Prostate cancer in young men: An important clinical entity

Nature Reviews Urology (Impact Factor: 4.84). 05/2014; 11(6). DOI: 10.1038/nrurol.2014.91
Source: PubMed


Prostate cancer is considered a disease of older men (aged >65 years), but today over 10% of new diagnoses in the USA occur in young men aged ≤55 years. Early-onset prostate cancer, that is prostate cancer diagnosed at age ≤55 years, differs from prostate cancer diagnosed at an older age in several ways. Firstly, among men with high-grade and advanced-stage prostate cancer, those diagnosed at a young age have a higher cause-specific mortality than men diagnosed at an older age, except those over age 80 years. This finding suggests that important biological differences exist between early-onset prostate cancer and late-onset disease. Secondly, early-onset prostate cancer has a strong genetic component, which indicates that young men with prostate cancer could benefit from evaluation of genetic risk. Furthermore, although the majority of men with early-onset prostate cancer are diagnosed with low-risk disease, the extended life expectancy of these patients exposes them to long-term effects of treatment-related morbidities and to long-term risk of disease progression leading to death from prostate cancer. For these reasons, patients with early-onset prostate cancer pose unique challenges, as well as opportunities, for both research and clinical communities. Current data suggest that early-onset prostate cancer is a distinct phenotype-from both an aetiological and clinical perspective-that deserves further attention.

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    • "increased by 5.7-fold between 1986 and 2008 (Salinas et al., 2014). These patients with early-onset prostate cancer were however more likely to have low-grade cancers than their older counterparts. "
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    ABSTRACT: Individual-level data from the Florida Cancer Data System (1981–2007) were analyzed to explore temporal trends of prostate cancer late-stage diagnosis, and how they vary based on race, income and age. Annual census-tract rates were computed for two races (white and black) and two age categories (40–65, >65) before being aggregated according to census tract median household incomes. Joinpoint regression and a new disparity statistic were applied to model temporal trends and detect potential racial and socio-economic differences. Multi-dimensional scaling was used as an innovative way to visualize similarities among temporal trends in a 2-D space. Analysis of time-series indicated that late-stage diagnosis was generally more prevalent among blacks, for age category 40–64 compared to older patients covered by Medicare, and among classes of lower socio-economic status. Joinpoint regression also showed that the rate of decline in late-stage diagnosis was similar among older patients. For younger patients, the decline occurred at a faster pace for blacks with rates becoming similar to whites in the late 1990s, in particular for higher incomes. Both races displayed distinct spatial patterns with higher rates of late-stage diagnosis in the Florida Panhandle for whites whereas high rates clustered in South-eastern Florida for blacks.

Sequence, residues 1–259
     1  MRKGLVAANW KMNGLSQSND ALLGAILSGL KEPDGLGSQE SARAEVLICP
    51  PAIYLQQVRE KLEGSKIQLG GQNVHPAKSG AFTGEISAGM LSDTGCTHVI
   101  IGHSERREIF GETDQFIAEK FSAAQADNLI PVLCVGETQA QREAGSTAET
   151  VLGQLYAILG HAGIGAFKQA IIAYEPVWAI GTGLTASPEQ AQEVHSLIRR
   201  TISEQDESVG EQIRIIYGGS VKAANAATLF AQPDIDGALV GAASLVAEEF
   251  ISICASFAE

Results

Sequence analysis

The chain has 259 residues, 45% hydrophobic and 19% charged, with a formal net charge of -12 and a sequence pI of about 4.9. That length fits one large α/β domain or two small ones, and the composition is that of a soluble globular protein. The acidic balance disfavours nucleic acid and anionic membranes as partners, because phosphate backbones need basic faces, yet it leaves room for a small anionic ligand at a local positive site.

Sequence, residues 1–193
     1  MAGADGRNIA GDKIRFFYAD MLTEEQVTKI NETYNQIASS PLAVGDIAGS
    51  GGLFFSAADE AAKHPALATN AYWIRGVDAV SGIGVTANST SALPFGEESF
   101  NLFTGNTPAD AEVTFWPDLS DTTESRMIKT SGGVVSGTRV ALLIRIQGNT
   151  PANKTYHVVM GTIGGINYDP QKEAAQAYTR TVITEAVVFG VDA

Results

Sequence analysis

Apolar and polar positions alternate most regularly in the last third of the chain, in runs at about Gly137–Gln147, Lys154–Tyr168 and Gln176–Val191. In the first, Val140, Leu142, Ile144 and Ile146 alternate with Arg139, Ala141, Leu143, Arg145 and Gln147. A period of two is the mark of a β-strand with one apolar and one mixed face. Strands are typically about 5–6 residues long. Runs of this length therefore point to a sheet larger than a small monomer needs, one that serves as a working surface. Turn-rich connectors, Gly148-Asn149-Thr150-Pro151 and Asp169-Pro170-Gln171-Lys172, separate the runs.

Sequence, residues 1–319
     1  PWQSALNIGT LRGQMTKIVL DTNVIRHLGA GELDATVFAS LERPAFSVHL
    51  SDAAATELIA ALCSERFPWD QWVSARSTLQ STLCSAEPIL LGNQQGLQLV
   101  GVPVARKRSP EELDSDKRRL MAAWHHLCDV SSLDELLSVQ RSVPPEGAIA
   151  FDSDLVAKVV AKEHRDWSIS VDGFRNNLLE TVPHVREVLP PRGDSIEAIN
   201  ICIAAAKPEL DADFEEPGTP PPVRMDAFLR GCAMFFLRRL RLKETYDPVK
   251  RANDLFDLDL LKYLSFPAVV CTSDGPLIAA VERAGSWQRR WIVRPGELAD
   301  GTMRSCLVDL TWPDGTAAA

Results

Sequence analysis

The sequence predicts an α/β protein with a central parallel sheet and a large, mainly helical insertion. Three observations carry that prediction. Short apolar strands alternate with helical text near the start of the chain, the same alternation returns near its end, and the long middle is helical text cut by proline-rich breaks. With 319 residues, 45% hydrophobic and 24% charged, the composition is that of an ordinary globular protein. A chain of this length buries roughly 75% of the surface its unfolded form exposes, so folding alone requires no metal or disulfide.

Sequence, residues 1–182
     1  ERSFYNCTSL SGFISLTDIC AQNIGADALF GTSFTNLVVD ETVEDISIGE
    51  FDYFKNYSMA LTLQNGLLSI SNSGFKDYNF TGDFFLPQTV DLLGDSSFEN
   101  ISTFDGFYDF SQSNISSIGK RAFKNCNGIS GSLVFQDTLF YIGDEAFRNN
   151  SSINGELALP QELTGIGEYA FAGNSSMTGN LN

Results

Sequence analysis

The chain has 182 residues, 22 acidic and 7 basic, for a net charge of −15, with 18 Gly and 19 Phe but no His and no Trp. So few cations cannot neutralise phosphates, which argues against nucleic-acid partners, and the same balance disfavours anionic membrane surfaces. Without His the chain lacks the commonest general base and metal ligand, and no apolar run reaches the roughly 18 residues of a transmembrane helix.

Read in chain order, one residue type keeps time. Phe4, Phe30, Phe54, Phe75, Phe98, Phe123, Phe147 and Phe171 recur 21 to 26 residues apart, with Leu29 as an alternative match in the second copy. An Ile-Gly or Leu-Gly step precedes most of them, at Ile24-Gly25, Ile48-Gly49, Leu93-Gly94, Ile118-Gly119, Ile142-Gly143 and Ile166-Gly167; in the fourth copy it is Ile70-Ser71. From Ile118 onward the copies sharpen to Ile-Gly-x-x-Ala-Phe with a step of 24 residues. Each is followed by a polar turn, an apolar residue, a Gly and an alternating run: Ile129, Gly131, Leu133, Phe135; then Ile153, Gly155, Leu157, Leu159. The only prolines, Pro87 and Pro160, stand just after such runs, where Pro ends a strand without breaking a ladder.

Full-text · Article · Jul 2015 · Spatial Statistics
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    • "So far, little is known about early detection or management of prostate cancer in young patients (aged <55 years), due to the severe lack of randomized controlled trials regarding this matter. Most authors believe these cancers represent a distinct phenotype in prostate cancer, etiologically, and clinically, and therefore clear guidelines are needed for appropriate management and consistency of care [15] [16]. These case reports present different confounding factors responsible for error or delay in diagnosing a prostate cancer with cervical lymphadenopathies. "
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    ABSTRACT: Prostate cancer is the most common cancer in men, often presenting with regional lymph node or bone metastasis and rarely with supradiaphragmatic lymph node involvement. Most metastatic cancers involving the cervical lymph nodes are from cancers of the upper aerodigestive tract. In this report, we describe two cases with cervical lymph node enlargement due to metastatic prostate cancer as the initial clinical presentation: a 43-year-old male, initially misdiagnosed with a tumor of the upper aerodigestive tract and an 87-year-old male with right lobe pneumonia and cervical lymph node enlargement, initially attributed to be an acute inflammatory lymph node reaction. To the best of our knowledge, there are less than 50 cases reported in the literature of adenocarcinoma of prostate metastatic to the cervical lymph nodes and only one case presenting in men younger than 45 years. The authors intend to highlight the importance of digital rectal exam and PSA test in case of persistent left cervical lymph node enlargement, including men younger than 45 years of age.
    Full-text · Article · Feb 2015

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